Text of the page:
Paperwork can be faxed to 215-590-3053, attention HI center, or scanned and emailed to hyperinsulin@email.chop.edu.

Please call 215-590-7682 or email hyperinsulin@email.chop.edu if you have any further questions.

Please note: Out-of-state referrals may require prior authorization and/or a negotiation of rates with patient's insurance company. The time frame can range from a few days to weeks. All insurances have to be reviewed and processed by the CHOP transport financial counselors. If you have any questions, please contact CHOP transport financial counselors at 215-590-4313.

What happens after I refer?

Children's Hospital works with referring physicians before transport and maintains close communication and collaboration after the patients return home.

Congenital hyperinsulinism care profiles

Once a patient arrives at CHOP, our multidisciplinary team of physicians, fellows, residents, nurse practitioners, registered nurses, case management, social workers, nutritionists and pharmacists will meet with the family and decide on the best approach for managing each patient’s specific hyperinsulinism needs. Our team will explore different strategies for medical management and review genetic results to determine if a PET scan is indicated.

If failure of medical management, our experts will explore surgical options:

  • Partial/total pancreatectomy as determined by genetic results and/or PET scan
  • G-tube placement for ongoing medical management
  • Safety/cure fast at the end of the hospitalization to determine status for discharge

After a patient is referred to The Children’s Hospital of Philadelphia, she may fit one of four different types of care profiles.

Patient type A: HI patient with focal disease — cured

  • Fasting test
  • Drug withdrawal
  • Localization studies
  • Surgery
  • Recovery in Harriet and Ronald Lassin Newborn/Infant Intensive Care Unit (N/IICU) 7–14 days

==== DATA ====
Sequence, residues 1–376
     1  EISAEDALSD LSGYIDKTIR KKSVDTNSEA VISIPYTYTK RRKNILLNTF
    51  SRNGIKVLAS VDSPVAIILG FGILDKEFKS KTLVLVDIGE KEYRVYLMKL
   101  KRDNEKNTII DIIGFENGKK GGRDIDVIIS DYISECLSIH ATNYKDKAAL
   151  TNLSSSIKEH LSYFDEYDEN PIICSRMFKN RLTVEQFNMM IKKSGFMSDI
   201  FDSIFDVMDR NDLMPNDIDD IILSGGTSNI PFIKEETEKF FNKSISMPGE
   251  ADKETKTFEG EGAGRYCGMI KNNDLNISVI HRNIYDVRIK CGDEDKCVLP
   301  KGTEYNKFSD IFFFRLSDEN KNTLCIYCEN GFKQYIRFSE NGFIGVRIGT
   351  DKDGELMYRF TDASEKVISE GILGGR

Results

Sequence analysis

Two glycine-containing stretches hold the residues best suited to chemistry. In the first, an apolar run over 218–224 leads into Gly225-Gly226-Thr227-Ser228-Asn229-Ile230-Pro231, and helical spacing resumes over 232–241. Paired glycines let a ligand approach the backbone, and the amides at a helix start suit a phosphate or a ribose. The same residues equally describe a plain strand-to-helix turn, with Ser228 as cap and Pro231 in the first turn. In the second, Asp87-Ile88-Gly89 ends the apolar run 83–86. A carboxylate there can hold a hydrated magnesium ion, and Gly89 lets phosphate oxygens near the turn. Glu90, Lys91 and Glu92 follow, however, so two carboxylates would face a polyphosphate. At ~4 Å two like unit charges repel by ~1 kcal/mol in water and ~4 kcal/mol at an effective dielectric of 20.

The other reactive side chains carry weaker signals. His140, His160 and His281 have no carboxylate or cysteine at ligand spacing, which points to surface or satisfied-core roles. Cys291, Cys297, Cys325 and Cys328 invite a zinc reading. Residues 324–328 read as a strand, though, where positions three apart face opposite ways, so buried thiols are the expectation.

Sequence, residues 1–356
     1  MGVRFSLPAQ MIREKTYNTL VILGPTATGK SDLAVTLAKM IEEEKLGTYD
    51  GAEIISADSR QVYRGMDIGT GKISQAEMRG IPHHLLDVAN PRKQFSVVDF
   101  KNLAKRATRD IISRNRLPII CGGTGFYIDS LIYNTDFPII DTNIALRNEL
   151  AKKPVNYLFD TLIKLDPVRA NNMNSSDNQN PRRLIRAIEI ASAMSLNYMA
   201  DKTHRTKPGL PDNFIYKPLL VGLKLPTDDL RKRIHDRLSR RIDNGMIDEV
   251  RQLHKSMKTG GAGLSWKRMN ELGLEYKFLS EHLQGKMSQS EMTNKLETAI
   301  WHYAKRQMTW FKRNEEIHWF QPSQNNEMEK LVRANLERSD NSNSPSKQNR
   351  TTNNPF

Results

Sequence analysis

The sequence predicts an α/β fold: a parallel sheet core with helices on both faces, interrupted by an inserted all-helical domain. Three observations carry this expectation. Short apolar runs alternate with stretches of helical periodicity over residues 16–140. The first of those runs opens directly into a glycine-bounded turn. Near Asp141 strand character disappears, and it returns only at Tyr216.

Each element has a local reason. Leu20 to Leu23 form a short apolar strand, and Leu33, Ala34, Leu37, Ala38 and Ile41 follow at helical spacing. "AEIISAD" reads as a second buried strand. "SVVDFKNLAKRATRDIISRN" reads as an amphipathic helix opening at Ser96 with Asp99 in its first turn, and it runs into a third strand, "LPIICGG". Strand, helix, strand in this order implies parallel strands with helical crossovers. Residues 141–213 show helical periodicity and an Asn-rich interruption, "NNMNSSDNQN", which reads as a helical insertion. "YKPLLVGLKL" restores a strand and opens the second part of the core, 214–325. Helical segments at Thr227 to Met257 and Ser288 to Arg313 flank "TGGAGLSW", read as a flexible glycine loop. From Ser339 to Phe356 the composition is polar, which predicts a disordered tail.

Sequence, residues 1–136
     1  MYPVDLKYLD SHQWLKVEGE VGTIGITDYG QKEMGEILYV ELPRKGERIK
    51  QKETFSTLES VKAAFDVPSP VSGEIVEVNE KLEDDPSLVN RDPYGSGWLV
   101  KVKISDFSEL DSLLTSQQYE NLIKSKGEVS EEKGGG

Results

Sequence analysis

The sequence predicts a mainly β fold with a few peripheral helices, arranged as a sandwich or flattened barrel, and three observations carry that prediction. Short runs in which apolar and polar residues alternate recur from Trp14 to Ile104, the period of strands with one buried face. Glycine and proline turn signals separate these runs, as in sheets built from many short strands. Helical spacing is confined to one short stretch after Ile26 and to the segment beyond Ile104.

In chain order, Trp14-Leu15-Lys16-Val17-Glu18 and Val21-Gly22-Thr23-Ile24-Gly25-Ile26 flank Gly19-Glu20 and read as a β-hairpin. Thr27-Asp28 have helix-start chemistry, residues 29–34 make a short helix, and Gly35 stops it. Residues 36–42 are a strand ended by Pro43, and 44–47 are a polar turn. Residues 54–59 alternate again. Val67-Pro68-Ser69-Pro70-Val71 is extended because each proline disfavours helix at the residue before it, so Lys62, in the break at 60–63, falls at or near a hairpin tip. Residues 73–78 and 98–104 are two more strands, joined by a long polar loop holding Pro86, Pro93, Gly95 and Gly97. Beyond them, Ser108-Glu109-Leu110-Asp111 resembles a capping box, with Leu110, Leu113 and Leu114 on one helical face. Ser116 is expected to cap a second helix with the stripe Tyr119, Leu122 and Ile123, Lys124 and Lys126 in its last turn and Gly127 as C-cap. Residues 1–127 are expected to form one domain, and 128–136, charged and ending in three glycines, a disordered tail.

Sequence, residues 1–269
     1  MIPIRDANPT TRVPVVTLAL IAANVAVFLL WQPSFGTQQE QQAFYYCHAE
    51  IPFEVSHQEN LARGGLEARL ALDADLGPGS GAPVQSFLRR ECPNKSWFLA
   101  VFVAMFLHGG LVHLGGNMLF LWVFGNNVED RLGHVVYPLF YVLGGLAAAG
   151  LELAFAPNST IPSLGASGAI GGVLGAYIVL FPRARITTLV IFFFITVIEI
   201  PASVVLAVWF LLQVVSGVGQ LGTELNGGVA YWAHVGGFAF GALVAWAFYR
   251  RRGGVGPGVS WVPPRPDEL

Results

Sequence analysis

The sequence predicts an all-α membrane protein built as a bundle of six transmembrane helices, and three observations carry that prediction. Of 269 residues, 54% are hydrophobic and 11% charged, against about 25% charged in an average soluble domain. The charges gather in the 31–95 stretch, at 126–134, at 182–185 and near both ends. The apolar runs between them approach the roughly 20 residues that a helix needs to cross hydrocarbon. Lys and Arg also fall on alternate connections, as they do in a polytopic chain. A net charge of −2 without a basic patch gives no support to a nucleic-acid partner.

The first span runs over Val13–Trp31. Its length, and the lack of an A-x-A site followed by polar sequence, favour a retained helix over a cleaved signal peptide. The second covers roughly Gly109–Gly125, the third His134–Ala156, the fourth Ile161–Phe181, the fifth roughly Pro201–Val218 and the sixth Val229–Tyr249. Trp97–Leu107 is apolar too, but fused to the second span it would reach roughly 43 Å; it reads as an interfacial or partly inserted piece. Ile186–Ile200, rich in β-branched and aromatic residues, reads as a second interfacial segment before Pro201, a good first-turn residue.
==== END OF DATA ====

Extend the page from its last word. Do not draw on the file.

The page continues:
• Fasting test
  • Discharge

Anticipated discharge planning needs:

In nearly all these cases, the patient is cured and requires only one visit with the local pediatric endocrinologist, with routine well-child follow-up care by the local pediatrician.

Patient type B: HI patient requiring medical therapy postoperatively

  • Fasting test
  • Drug withdrawal
  • Localization studies
  • Surgery
  • Recovery in N/IICU (7–14 days)
  • Medical therapy (10–14 days)
  • Fasting test
  • Discharge

Anticipated discharge planning needs:

Patient will require ongoing medical treatment by the local pediatric endocrinologist, including at least one fasting test and three outpatient visits per year.

Patient type C: Patient requiring diagnostic evaluation for HI

  • Overnight blood sugar monitoring
  • Oral glucose tolerance test (case-dependent)
  • Oral protein tolerance test (case-dependent)
  • Fasting test

If diagnosis is established:

  • Medical therapy
  • Fasting test
  • Discharge

Anticipated discharge planning needs:

Patient will require ongoing medical treatment by the local pediatric endocrinologist, including periodic re-evaluation.

Patient type D: HI patient requiring follow-up evaluation

  • Overnight blood sugar monitoring
  • Oral glucose tolerance test (case-dependent)
  • Oral protein tolerance test (case-dependent)
  • Fasting test
  • Blood sugar monitoring and medication adjustments until stable